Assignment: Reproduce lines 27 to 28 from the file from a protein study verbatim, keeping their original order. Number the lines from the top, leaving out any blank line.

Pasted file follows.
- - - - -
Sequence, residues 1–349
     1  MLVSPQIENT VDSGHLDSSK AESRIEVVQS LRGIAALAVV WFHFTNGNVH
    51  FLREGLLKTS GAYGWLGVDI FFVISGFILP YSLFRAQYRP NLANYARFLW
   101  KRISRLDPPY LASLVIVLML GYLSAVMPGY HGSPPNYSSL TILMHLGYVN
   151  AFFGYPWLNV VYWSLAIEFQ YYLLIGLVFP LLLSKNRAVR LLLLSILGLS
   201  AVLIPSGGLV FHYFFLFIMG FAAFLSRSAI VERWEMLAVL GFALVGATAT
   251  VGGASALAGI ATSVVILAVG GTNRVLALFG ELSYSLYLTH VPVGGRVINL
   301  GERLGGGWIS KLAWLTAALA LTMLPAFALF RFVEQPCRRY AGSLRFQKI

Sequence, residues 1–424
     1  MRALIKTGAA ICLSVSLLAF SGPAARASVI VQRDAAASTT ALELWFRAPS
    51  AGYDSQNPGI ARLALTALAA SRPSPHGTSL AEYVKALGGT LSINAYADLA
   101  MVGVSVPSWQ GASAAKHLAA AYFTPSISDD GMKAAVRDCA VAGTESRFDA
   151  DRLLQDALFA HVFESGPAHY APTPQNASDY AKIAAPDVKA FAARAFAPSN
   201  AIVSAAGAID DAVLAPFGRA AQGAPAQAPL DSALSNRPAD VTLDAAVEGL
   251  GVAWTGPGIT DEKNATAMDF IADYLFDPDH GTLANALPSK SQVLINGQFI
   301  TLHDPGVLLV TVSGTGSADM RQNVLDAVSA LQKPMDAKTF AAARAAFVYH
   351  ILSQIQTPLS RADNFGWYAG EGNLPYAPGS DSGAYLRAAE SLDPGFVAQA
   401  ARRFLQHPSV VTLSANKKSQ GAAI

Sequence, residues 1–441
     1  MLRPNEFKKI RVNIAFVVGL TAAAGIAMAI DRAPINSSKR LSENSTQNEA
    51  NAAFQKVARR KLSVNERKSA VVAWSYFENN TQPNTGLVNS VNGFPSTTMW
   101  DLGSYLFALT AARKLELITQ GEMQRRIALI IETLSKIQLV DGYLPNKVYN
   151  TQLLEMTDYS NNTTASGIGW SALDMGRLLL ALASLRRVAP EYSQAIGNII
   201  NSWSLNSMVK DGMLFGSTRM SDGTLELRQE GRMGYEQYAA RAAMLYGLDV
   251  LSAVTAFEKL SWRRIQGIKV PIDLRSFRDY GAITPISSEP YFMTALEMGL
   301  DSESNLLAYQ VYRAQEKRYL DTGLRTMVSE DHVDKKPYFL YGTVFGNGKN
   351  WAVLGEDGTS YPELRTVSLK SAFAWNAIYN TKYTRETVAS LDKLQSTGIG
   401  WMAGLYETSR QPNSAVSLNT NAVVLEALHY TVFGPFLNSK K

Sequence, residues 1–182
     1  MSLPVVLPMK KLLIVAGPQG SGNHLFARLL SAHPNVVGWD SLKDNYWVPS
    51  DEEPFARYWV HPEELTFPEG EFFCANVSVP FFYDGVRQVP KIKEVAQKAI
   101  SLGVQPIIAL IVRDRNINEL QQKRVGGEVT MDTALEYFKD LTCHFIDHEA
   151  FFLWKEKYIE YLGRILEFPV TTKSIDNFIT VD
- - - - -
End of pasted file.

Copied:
   351  WAVLGEDGTS YPELRTVSLK SAFAWNAIYN TKYTRETVAS LDKLQSTGIG
   401  WMAGLYETSR QPNSAVSLNT NAVVLEALHY TVFGPFLNSK K